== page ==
c.280-272 B.C. Here the dolphin-rider holds a bow and arrow as he lifts his left leg. An elephant appears below.

c.240-228 B.C. The dolphin-rider rests a trident across his right shoulder and looks back, holding up a long, ornate strip of cloth.

c.240-228 B.C. This dolphin-rider holds a trident and gazes at the hippocamp he holds in his extended right hand; behind him is the head of the god Silenus.

c.240-228 B.C. On this piece the dolphin-rider holds a trident and a figure of Nike, who crowns him with a wreath.

c.212-209 B.C. Above are two reduced-weight didrachms (equal to Punic half-shekels) issued while Taras was under the control of the Carthaginian invader Hannibal. The first shows the dolphin-rider holding an aphlaston and a trident; on the second he holds a trident and a cantharus.

Now that we’ve finished our survey of Taras didrachms, we’ll continue with a few coins issued elsewhere that feature dolphins ridden by mythological individuals and creatures. First are base metal issues of three other cities of Southern Italy: Brundisium, Teate and Paestum.

Shown above are two bronzes of Brundisium with dolphin-riders. The first, from c.215 B.C., shows the rider holding a cornucopia and a figure of the goddess Nike, who crowns him with a wreath. Next is a smaller bronze of the 2nd Century B.C. with a similar scene, though in his left hand the rider holds a chelys.

Teate, in Apulia, issued the above bronze during the Second Punic War (218-201 B.C.). Though a little unclear due to its soft strike and patchy patina, it shows a dolphin-rider holding a trident and a cantharus.

During the First Punic War (264-241 B.C.) the city of Poseidonia (Paestum) issued the above coin showing a dolphin-rider. In this case it is the winged god Eros, who holds a wreath and a trident.

The previous dolphin-rider is not far removed from the one (above) on a silver denarius of L. Lucretius Trio, the Roman Republican moneyer of c.74 B.C. This coin shows a winged genius riding a dolphin with the aid of reins.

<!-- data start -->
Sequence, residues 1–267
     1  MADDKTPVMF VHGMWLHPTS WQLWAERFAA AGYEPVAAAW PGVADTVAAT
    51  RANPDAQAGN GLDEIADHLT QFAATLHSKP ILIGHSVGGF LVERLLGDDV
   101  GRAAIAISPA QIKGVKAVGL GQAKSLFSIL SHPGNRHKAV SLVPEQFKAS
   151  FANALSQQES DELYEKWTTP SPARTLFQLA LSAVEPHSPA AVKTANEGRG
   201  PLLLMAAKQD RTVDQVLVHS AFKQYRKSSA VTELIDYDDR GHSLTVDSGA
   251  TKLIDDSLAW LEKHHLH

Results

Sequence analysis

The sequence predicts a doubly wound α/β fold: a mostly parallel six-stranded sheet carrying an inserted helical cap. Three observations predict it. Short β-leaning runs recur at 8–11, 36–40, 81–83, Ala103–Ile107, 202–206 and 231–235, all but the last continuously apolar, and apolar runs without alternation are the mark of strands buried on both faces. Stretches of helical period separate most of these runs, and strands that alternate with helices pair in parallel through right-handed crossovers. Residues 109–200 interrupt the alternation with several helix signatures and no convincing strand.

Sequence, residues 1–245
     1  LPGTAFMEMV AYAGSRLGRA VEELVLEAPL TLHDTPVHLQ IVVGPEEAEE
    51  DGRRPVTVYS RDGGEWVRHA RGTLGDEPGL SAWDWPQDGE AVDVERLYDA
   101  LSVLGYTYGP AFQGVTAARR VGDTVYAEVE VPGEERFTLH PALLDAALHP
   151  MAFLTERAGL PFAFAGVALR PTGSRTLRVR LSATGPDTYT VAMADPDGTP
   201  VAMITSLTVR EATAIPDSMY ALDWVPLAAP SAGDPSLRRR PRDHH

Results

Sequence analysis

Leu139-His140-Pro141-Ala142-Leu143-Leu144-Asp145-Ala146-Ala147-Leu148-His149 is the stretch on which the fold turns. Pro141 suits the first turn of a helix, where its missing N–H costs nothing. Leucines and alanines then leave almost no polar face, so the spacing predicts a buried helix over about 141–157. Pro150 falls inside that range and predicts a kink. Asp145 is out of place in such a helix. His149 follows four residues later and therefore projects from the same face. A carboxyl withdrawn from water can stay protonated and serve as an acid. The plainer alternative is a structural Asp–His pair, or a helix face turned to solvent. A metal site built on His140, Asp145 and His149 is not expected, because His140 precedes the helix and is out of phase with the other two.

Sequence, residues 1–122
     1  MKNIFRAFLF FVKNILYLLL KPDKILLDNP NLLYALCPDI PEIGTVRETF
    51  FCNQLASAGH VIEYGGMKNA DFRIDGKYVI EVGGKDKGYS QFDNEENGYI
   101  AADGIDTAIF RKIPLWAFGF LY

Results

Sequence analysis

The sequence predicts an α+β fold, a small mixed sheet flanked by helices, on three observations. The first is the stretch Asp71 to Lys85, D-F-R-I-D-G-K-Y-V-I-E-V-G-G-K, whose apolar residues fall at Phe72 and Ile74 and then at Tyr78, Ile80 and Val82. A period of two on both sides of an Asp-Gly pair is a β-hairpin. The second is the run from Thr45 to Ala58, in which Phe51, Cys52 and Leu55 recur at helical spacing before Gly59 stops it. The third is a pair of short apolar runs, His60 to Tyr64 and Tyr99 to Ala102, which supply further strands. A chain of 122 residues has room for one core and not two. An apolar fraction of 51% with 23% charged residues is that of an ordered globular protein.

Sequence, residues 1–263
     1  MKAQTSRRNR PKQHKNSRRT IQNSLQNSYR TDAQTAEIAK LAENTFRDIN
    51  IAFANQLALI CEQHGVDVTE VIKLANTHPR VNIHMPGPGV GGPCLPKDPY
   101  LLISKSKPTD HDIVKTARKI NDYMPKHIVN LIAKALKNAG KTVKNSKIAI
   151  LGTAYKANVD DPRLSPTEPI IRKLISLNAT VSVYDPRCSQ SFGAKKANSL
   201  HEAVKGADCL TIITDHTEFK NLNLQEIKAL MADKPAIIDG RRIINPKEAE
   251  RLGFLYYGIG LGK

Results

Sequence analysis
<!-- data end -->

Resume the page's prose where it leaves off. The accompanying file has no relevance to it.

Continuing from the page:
Perhaps the most intriguing dolphin-rider occurs on coins of Iasus, a city in Asia Minor. The example shown above was issued c.250 to 190 B.C. It was said that a mortal boy, Hermias, befriended a dolphin and would ride upon him every day. One time, in a fierce storm, Hermias was cast off and drowned. In the aftermath the dolphin is said to have brought the boy’s body to shore and then beached himself until he, too, died. So endearing was this event – be it factual or mythical – that it was memorialized on the city’s coinage.

To end this survey, we present four coins below, all from the Black Sea region, which feature eagles on the backs of dolphins.

The bronze above, from Olbia in the southern part of modern Ukraine, was struck in the late 4th Century B.C.

Also from the late 4th Century B.C. is the silver drachm (above) from the city of Sinope, on the northern shore of modern Turkey.

Above are two silver drachms of the 4th Century B.C. from the city of Istrus, on the western shore of the Black Sea. The first shows the eagle riding calmly, the other shows him in a stance that suggests he’s about ready to peck at the dolphin.

Images courtesy of Classical Numismatic Group, LLC.